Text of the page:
The Curious Incident of the Dog in the Night-time
by Mark Haddon
Synopsis: Christopher John Francis Boone knows all the countries of the world and their capitals and every prime number up to 7,057. He relates well to animals but has no understanding of human emotions. He cannot stand to be touched. Although gifted with a superbly logical brain, Christopher is autistic. Everyday interactions and admonishments have little meaning for him. Routine, order and predictability shelter him from the messy, wider world.
Then, at fifteen, Christopher’s carefully constructed world falls apart when he finds his neighbor’s dog, Wellington, impaled on a garden fork, and he is initially blamed for the killing. Christopher decides that he will track down the real killer and turns to his favorite fictional character, the impeccably logical Sherlock Holmes, for inspiration. But the investigation leads him down some unexpected paths and ultimately brings him face to face with the dissolution of his parents’ marriage. As he tries to deal with the crisis within his own family, we are drawn into the workings of Christopher’s mind. And herein lies the key to the brilliance of Mark Haddon’s choice of narrator: The most wrenching of emotional moments are chronicled by a boy who cannot fathom emotion. The effect is dazzling, making for a novel that is deeply funny, poignant, and fascinating in its portrayal of a person whose curse and blessing is a mind that perceives the world literally.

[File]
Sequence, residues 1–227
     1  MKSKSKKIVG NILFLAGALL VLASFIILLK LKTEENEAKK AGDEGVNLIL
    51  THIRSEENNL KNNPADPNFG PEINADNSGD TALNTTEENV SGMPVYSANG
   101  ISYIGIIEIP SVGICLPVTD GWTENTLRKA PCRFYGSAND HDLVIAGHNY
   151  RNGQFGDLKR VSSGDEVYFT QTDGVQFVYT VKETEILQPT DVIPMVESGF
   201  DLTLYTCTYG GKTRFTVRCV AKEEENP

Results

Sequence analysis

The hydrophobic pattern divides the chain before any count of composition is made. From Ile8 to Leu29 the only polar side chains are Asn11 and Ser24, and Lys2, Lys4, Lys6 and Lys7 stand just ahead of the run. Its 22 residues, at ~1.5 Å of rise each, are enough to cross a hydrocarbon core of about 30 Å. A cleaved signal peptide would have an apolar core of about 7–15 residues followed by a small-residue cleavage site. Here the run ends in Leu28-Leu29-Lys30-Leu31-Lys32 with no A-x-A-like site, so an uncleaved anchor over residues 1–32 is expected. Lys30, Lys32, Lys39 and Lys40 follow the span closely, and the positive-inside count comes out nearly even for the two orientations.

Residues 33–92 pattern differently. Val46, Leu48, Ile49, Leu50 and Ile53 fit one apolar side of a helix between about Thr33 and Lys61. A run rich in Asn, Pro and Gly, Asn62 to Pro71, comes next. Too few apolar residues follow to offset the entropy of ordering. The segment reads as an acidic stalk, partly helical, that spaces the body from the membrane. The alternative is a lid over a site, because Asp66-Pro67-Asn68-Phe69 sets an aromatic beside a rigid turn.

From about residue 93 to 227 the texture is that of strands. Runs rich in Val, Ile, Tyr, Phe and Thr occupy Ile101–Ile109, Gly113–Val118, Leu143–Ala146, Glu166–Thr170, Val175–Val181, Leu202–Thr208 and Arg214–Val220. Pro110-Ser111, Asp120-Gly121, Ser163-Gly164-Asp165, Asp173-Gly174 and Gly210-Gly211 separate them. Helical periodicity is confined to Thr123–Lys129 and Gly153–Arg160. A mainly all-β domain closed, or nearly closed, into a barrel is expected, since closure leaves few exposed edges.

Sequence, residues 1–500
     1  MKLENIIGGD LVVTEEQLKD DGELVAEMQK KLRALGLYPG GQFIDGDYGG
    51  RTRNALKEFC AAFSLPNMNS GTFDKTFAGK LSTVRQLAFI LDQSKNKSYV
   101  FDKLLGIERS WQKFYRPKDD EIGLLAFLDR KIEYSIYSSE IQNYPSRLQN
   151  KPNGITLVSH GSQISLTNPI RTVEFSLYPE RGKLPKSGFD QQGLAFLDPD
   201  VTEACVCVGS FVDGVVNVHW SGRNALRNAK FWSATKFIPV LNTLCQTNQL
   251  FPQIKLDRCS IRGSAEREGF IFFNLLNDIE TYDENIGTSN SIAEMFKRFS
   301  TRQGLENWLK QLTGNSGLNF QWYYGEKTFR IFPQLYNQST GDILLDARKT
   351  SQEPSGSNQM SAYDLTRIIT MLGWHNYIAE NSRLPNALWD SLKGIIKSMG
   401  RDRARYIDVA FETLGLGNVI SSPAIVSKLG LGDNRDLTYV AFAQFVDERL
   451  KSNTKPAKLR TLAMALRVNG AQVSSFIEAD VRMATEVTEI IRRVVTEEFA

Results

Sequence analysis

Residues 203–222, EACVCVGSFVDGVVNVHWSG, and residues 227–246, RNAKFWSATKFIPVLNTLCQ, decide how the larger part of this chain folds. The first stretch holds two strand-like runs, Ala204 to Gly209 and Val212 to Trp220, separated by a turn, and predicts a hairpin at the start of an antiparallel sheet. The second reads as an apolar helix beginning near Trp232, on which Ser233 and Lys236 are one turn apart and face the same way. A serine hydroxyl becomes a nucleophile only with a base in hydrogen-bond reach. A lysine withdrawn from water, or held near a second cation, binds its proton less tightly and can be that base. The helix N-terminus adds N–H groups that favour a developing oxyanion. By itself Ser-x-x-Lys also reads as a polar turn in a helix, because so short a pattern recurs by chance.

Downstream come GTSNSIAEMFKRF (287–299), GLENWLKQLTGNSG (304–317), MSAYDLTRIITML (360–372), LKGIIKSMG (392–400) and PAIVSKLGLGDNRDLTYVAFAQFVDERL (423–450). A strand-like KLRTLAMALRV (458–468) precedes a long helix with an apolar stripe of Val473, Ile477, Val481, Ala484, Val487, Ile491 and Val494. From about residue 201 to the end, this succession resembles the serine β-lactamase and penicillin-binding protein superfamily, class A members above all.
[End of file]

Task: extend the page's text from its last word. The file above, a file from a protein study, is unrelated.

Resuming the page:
From the publisher
Review: This book has such a unique point of view-told from the perspective of a 15 year old boy with autism. The author is able to describe how Christopher thinks about things, his mental processes when in a new situation, his coping strategies and what he does when he is overwhelmed. Since the book is narrated by Christopher, the boy with autism, we can see first hand how having autism affects his day to day life. There were parts of the book that really intrigued me-mainly seeing his coping strategies in various situations and seeing what set him off. But there were other parts of the book that were completely uninteresting-all of his math, physics and astronomy knowledge. I was incredibly bored during those parts. I just skimmed those parts trying to get back to the plot, although there was very little plot. I do think that you need to know that Christopher fixated on various topics as part of his autism but I didn't need to read pages on solving a math problem. I think this book was a good look into the life of someone with autism.
Rating: 3 1/2 stars